I’ve always been untraditional in my approaches to my work. I feel that we live in a world that is constantly polarized between right and wrong, black and white, good and bad; with little regard for the gray. I don’t tend to adhere to this binary style of thought, as I feel it’s limiting. From growing up amongst severe mental illness, to my own personal struggles, I’ve always found myself most comfortable in the most unstable of environments. After college, I created and directed a soccer program for children and adults with social and emotional disorders and a variety of other special needs, mainly those on the Autism Spectrum. These have historically been spaces that many professionals run from, whereas I always felt the most comfortable. Ive always found that there is a certain group understanding in the feeling of being misunderstood within what many consider “outsider groups’. Was any of this easy? At times, no, the work itself was and is emotionally exhausting and very difficult. But in all, I’ve been so privileged over such a huge plethora of factors; being a white passing straight male, for example, has made my life relatively smooth. I’ve never been in fear of where my next meal would come from, nor if I would have somewhere warm to sleep at night. These are major distinctions between the work being difficult, and one’s life being difficult. I will never say I’ve had it hard, because in reality, I haven’t. That’s not to say that I haven’t had difficult things happen to me. I’ve been sober for several years now, and there were times where my life seemed unbearable, but all of the privileges that I mentioned made and make my continued recovery more than manageable. When I took over Street Soccer USA’s operations in South Los Angeles, I was so fortunate to have had all of these past experiences from sport, to mentorship, to a strong family structure and a strong recovery program, as they all been the cornerstones of my personal visions for our mission, particularly when working with communities experiencing homelessness, where substance abuse is a common theme. I couldn’t be more grateful for my past.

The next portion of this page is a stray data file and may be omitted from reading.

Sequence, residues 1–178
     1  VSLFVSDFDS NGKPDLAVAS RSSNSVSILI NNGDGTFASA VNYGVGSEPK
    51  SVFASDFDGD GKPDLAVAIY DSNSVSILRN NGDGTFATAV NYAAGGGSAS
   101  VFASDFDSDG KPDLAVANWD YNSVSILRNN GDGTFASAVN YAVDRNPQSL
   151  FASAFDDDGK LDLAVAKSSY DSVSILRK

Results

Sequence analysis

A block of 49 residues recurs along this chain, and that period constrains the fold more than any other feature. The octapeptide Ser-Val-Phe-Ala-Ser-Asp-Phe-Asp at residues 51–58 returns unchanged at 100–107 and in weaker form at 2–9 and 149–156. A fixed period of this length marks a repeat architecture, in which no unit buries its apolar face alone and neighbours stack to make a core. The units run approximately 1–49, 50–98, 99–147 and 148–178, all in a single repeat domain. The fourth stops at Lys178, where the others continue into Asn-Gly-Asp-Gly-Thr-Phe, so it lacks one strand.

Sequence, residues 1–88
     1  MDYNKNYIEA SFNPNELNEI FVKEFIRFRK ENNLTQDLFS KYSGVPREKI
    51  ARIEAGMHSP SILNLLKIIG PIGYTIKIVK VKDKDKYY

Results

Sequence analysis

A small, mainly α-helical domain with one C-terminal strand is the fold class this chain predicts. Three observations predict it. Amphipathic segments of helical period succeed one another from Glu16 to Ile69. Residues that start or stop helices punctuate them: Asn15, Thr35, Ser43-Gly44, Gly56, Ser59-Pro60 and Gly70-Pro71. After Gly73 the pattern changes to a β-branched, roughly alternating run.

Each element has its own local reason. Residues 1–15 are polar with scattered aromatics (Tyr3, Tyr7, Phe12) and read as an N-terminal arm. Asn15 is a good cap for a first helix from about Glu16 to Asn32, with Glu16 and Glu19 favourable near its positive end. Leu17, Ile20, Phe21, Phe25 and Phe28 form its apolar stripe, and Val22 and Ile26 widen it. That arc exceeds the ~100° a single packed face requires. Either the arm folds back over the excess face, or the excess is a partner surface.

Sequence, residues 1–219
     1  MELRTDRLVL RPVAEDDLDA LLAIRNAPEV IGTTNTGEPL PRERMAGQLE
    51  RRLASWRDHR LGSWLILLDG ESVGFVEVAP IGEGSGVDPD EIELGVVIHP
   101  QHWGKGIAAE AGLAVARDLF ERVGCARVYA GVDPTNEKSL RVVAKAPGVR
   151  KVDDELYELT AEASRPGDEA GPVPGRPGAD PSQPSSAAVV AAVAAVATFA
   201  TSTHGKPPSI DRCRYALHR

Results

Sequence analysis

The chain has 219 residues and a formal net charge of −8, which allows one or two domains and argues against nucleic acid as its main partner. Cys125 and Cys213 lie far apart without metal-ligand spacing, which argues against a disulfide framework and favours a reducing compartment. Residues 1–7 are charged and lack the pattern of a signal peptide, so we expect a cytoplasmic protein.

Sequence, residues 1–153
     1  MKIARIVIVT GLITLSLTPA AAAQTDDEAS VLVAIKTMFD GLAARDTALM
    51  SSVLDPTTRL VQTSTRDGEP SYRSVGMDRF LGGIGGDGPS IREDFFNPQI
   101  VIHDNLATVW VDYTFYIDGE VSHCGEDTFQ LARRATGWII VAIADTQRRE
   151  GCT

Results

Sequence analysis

Any places to eat or things to do that you can share with our readers? If they have a friend visiting town, what are some spots they could take them to?